MBU Commencement 2020

MBU Commencement 2020

As well-wishing guests arrived from across the nation for Commencement 2020, they were treated with a preliminary presentation which included pictures and video clips submitted by graduates, and with a piano prelude by Dr. David Ledgerwood, Chair of the Department of Music.

Expectant students, proud parents and grandparents, faculty members, board members, and administrative staff all convened for this momentous occasion, just as they have for the past half century at Maranatha. Dr. Matt Davis, Executive Vice President, led in prayer, acknowledging the inadequacy of the ceremony to properly celebrate the achievements of graduates or the scope of the Lord’s work in each life. Davis noted Maranatha’s corporate trust, that having implemented a Scriptural model of higher education, God’s Word would have operated in graduates’ hearts, preparing them for life’s “great unknowns.” Davis expressed gratitude that, despite the grave uncertainty ahead for our nation and world, the Lord is working in every generation. Last, he invoked God’s blessing on the service.

Dr. Marty Marriott, president of Maranatha Baptist University, welcomed guests, reflecting briefly on regrets of the semester’s end while focusing on the blessings. He mentioned availability of a livestream recording of the service. Then, he invited all to participate in this year’s Commencement Offering Project. The received funds will be allocated to upgrade three projectors, essential equipment for all chapel and fine arts events. These potential improvements spotlight the importance of the preaching of God’s Word at Maranatha. With contributions already received, an offering of $19,000 would complete the project.

Dr. Bryan Brock, a Professor in the College of Bible and Church Ministries, read Matthew 6:19-34, a passage revealing that the things we value control our hearts. Therefore, we must prioritize “laying up” eternal treasures. The Heritage Singers followed, presenting Worthy of Our Worship, a majestic anthem declaring the meritorious honor of God.

Announcement of Awards

In recognition of outstanding academic achievement, Dr. Marriott recognized various deans and department chairs to announce the following awards:

  • Outstanding College of Bible and Church Ministries Student: Timothy Lacock
  • Outstanding Science Student: Daniel Tellock
  • Outstanding Humanities Student: Margaret McMenamin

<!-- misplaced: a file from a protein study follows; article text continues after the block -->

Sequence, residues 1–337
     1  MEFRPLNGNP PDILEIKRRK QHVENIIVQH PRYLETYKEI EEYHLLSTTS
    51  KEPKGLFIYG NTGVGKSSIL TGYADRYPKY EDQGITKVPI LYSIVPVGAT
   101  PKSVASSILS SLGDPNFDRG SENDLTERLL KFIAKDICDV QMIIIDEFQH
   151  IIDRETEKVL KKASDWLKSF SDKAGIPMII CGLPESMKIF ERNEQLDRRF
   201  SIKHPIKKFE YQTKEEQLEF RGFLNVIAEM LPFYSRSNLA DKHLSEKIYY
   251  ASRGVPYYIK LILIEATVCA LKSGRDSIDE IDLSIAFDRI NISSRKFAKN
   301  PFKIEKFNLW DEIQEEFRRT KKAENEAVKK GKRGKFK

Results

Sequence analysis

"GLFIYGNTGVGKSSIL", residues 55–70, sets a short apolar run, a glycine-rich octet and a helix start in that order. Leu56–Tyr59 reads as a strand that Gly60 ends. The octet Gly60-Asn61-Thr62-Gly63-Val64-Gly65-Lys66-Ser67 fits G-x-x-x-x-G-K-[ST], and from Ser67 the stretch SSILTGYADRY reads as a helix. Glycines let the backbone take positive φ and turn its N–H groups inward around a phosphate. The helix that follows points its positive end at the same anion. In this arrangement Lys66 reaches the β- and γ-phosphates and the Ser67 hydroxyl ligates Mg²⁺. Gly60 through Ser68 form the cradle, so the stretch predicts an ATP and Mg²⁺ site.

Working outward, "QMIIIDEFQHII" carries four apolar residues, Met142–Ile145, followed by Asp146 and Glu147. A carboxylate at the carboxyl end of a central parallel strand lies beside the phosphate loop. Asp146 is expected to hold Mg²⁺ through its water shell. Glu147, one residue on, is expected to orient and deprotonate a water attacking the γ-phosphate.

• Outstanding Senior Musician: Grace Betry
  • Business Student Achievement Award: Kelsey Johnson
  • Outstanding Future Teacher: Brooke Roberts Bueltel
  • Florence Nightingale Best Bedside Nurse: Alyssa Turcotte
  • Online and Distance Learning Outstanding Student: Mary Brewer
  • Outstanding Seminary Student in Theology: Steven Thompson

Dr. Tracy Foster, Dean of the School of Business, announced that Jonathan Downs, a Maranatha Army ROTC cadet and member of the Badger Battalion, will be commissioned as a second lieutenant in the Army, Active Duty, Infantry.

Dr. William Licht, Vice President for Academic Affairs, announced the highest academic awards. Two students tied for the highest grade point average, both having earned a 4.0 GPA: Andrew Mayo and Daniel Tellock.

The awards presentations concluded with the esteemed Founder’s Awards and President’s Award.

Founder’s Awards recipients most effectively exemplify the purpose and spirit of Maranatha, exhibiting firm commitment to the Lord’s work. These were awarded to:

  • Margaret McMenamin—The Thelma Melford Cedarholm Founder’s Award
  • Caleb Hockema— The B. Myron Cedarholm Founder’s Award

Candidates for the President’s Award best exemplify qualities of academic, character, and spiritual fitness for gospel ministry. This year’s recipient was James Rossiter. 

Presentation of Graduates

In a montage 67-voices-strong, Madrigal and Chamber Singers presented God of Heaven, its rich melody and lyrics drawing listeners into the grandeur of our sovereign Lord, the “God who wrote the Book of Time,” the “Author of our days and hours.”